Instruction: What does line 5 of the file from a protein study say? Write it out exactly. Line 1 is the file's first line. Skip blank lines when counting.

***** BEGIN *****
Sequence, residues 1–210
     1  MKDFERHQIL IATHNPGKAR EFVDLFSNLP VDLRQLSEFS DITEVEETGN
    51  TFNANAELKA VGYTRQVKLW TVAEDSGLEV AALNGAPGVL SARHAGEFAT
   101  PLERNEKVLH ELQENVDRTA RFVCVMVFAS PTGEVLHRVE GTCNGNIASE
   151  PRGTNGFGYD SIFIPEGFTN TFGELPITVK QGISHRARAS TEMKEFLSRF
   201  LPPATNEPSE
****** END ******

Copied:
   151  PRGTNGFGYD SIFIPEGFTN TFGELPITVK QGISHRARAS TEMKEFLSRF